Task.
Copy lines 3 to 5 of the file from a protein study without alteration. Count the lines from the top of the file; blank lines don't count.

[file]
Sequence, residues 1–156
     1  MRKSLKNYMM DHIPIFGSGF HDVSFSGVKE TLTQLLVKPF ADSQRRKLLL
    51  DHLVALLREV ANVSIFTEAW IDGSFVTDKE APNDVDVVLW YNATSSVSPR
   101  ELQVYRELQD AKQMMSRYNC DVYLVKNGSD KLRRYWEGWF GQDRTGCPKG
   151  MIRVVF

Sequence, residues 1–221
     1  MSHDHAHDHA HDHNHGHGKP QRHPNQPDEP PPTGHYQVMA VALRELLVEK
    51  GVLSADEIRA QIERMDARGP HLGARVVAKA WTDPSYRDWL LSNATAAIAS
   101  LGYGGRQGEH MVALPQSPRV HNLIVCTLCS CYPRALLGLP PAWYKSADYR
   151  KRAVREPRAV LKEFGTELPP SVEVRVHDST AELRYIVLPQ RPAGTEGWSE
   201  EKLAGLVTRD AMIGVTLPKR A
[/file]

    51  DHLVALLREV ANVSIFTEAW IDGSFVTDKE APNDVDVVLW YNATSSVSPR
   101  ELQVYRELQD AKQMMSRYNC DVYLVKNGSD KLRRYWEGWF GQDRTGCPKG
   151  MIRVVF